In memoriam Stan Dragland, 1942–2022
Life is language, I wanted to say. Only problem:
it isn’t. Not language exactly, not language
as such. Not a particular language either, though
it has a lot to say—in fact, no end of things
to say—and it can listen through the cracks, as every
language needs to do.
Is it something like a language? A metaphor
for language? Or is language a metaphor for it?
Of course, of course. But more like many languages
than one. Like what we call a language
family, which is to say, a swarm—a swarm
in time, in which the living keep on dancing
with the dead because the dead keep flying,
close beside the not-yet-born.
If it were one—the one and only living language—
life wouldn’t be alive, or not for long. But swarms
are acrobats in time. They grow, shrink, dodge, feint,
scatter, and reform. They have the ears and wings
to do so. Ears enough to constitute a halfway
Life heard us coming and will be here watching closely,
hungry, wary, wounded, wordless, like the snakes
of Fukushima and the lynxes of Chernobyl,
when we go—but will not speak of us or curse us
or have any name to give us when we’re gone.
Life has been married to language so long that you
might think the two could finish or begin each other’s
somersaults and sentences. They don’t. It only seems
as if they do. Why? Life is Being discovering
speech. Which is to say Being discovering being.
Is language Being discovering life? It might
be so. Which does not mean that speech
and being are the same.
Language is a sign of life, like swimming, and a form
of life, like eels—but it’s not a way of living.
It’s also not the life that anything lives—
not even ideas. Your life is not a language,
and your language isn’t life. Yet languages
of some kind—nucleic and behavioural,
for instance—are everywhere you listen, look, or rest
your empty hand among the living.
Unspokenness is not life either, but it too
can be a sign of life—just not where there’s no hope
of being spoken. Your speechlessness might mean you’ve
dodged or leapfrogged death and come, in the desert of words
or the sea of language, to an island
or oasis of not speaking.
The sun’s chance in the great celestial darkness
is the snowball’s chance in hell. But there it is.
And there, impossibly far off and getting farther,
are the hundred billion galaxies of others,
younger and older, larger and smaller.
Not forever, no, but yes, for the entire
past and future, and for now.
That sun—just one of many, but the only one
there is that is the sun—rains days and nights
on spitted rock and shattered water. Underneath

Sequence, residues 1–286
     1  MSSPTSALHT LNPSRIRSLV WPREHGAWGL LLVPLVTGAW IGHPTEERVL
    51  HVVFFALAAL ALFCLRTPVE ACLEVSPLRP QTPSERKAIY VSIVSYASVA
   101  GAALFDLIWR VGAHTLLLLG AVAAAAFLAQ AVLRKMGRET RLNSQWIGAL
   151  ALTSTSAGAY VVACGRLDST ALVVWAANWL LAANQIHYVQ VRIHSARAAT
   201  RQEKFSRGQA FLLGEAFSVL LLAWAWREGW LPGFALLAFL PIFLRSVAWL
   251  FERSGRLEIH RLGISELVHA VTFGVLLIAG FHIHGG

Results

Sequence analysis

those fists and hammers, grammars sprout. They crawl
like moss across a lexicon of elements. Not
the celibate elements, no. Not radium,
plutonium, or helium, or neon, and not
platinum or gold. The speech palette
and dictionary of life and life-in-waiting
consists of six or ten essential syllables
and twenty-odd occasional inflections.
Some of what-is, that is, is the engine, and some
of what-is is along for the ride.
It’s said those elements are lifeless. Yet they speak,
and they are spoken. They have, it’s said, a lexicon
and grammar all their own, spun and woven
of electrons, protons, neutrons, which are spun
of something more invisible yet. And is that
everyone’s and everything’s first language? Every
language’s first language? Many languages,
like this one, are intangible. Their phonemes
and their morphemes may be slow—slow as bristlecones, slow
as sequoias—but aren’t they still as weightless
as the particles of light?
The sun, in any case, rains down. Atoms bond where they
can bond, and grammars sprout where they can sprout.
Acids, sugars, proteins, fats, and other
phrases, clauses, sentences congeal and then repeat,
repeat. They say what they can say—and sometimes
something more than that. Dancing knee to knee
and toe to toe with others, they carve shapes in space
and time. The shapes are stories. With their borrowed mouths,
the stories drink and feed and lick their wounds and do
their best to reproduce.
And so a language not yet spoken, not yet written,
not yet thought, is caught, or not, between
the carbon and the hydrogen, the phosphorus
and sulphur and the rest of the short list
of what we are and maybe everybody is. And there
it learns, or not, to write, to sing, to talk.
In time, the ones who carry it and feed it start,
or not, to hear what’s sung, what’s said, to read
what’s never more than partly written,
and to talk to what they hear, to say
Yes and, Yes but, and No, and more than that.
And more than that.
or not, when you have drowned out, hollowed out,
and starved out every language you could find, your own
included, life and death are left with nothing more
to say to you—and no choice but to say it.
Softly at first, in no language at all.
So softly and so plainly and so clearly you
might almost try at first to say it could not,
could not possibly, be you that they are
talking and not talking to.